Obviously the reason behind such amnesia is related to the anti-colonial movement in South Asia, where there was no space for showing loyalty to the distant British King-Emperor, and perhaps exhibiting such loyalty might even be seen as a sign of ‘disloyalty’ to the emerging ‘Indian’ nation. Thus, when India became independent, all British India related commemorations were discarded, and the same was followed later in Pakistan and then eventually in Bangladesh. Hence, nothing was worthy of ‘commemoration’ in free South Asia, except the wrongs the British had inflicted upon the land.
But ‘Remembrance Day’ — the day we observe today, should not be thrown out with the bathwater of colonialism and must be commemorated in modern day South Asia.
First is the obvious fact that we should not naively forget the sacrifices of our war dead simply because we do not now agree with their beliefs of the time. Those who fought in the trenches of France and Belgium came from the villages of the Punjab, from small hamlets in Central India, from Bombay and Madras, and from every corner of British India, and even the princely states. All of them went to the front because they believed that by doing so they were serving their country, and their King. The fact that British rule was legitimate or not, or that imperialism was good or bad, was something they either didn’t know or care about. But their sentiments were real, and they gave their life for it. Therefore, we must not belittle their sacrifices by poo-poohing them as some colonial propaganda. These men were real, their wounds were real, their deaths were real, and their valour was real. Hence, we must not forget them.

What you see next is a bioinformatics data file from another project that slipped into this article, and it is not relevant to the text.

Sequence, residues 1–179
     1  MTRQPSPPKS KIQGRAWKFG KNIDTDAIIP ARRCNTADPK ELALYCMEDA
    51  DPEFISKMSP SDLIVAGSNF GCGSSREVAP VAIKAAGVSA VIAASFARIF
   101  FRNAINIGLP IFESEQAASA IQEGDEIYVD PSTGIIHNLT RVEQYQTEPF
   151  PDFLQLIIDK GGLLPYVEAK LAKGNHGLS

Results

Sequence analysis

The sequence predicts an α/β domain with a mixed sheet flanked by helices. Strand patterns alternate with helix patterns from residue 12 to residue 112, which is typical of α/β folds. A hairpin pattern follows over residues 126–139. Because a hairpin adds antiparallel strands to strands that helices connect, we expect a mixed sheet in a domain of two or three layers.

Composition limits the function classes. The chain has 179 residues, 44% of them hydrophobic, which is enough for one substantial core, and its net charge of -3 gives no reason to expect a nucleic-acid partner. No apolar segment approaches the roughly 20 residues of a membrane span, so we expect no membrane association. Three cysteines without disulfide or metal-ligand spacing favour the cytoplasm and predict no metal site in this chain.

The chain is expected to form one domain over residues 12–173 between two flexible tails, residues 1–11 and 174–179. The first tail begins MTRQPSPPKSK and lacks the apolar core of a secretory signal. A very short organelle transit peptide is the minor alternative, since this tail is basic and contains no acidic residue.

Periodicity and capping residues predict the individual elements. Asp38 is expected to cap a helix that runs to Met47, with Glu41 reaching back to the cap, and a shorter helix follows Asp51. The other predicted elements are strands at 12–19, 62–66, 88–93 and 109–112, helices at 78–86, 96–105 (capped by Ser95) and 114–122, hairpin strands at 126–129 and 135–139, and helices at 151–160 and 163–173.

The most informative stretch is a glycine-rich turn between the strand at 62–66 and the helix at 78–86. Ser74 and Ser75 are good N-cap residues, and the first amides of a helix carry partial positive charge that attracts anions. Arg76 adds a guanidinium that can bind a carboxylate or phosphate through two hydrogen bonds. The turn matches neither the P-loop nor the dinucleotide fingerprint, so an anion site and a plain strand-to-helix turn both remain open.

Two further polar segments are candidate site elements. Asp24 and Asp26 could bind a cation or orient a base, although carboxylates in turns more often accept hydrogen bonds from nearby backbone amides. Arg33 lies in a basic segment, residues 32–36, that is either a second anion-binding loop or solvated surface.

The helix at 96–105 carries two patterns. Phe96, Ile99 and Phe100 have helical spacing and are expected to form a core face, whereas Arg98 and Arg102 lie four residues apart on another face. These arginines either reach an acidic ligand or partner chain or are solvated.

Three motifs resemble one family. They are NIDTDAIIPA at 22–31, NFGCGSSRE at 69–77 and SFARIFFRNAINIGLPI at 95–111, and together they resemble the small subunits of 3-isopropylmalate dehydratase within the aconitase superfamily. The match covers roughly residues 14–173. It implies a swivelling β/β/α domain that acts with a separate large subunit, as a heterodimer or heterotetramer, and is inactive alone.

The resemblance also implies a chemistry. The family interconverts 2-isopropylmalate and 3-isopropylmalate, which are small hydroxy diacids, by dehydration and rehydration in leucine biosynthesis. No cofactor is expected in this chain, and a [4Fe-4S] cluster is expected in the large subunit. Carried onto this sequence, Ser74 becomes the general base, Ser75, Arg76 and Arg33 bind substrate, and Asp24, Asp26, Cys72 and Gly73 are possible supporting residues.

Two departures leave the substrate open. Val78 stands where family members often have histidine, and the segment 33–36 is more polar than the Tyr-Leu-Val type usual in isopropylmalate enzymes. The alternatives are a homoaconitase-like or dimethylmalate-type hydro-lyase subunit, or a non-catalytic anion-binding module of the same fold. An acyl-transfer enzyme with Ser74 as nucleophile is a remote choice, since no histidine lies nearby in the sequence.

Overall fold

Secondly, we must commemorate Remembrance Day because it is not a day where war is celebrated. While the day recognises war as real and sometimes just and necessary, it ultimately points out that war is something which inflicts unfathomable misery upon people and therefore its destructive force must be ultimately avoided.
It is a day of contemplation and reflection at the cost of war, its bloody legacy and the great need for peace and reconciliation. Remembering the war dead does not mean that one should yearn for more war, but that one should strive for peace so that no mother loses a son, no wife sees her husband maimed, and no child grows up without the love and care of their father. Thus, Remembrance Day is day which cries out for peace and justice around the world.
In their current state of hyper nationalism and at times war hysteria, it is essential that South Asian countries own up to their history—even if they don’t like it—and reflect upon it. Remembering our fallen of the two world wars does not justify colonialism but it leads us to remember the sacrifices of the millions of men who lived and died believing in their cause. Commemorating Remembrance Day will also enable us to step back from our jingoistic postures and reflect upon the divisiveness and destructive power of conflict. It will re-centre all remembrance of war on the critical need for peace and justice, and focus our efforts towards that end.
A hundred years have now passed since the end of the ‘Great War’; let us hope and that the eras of such ‘Great’ wars has now indeed passed, but let us also salute our fallen since, in the words of the Epitaph at Kohima — where my father also participated in the battle: ‘When You Go Home, Tell Them Of Us And Say, For Your Tomorrow, We Gave Our Today.’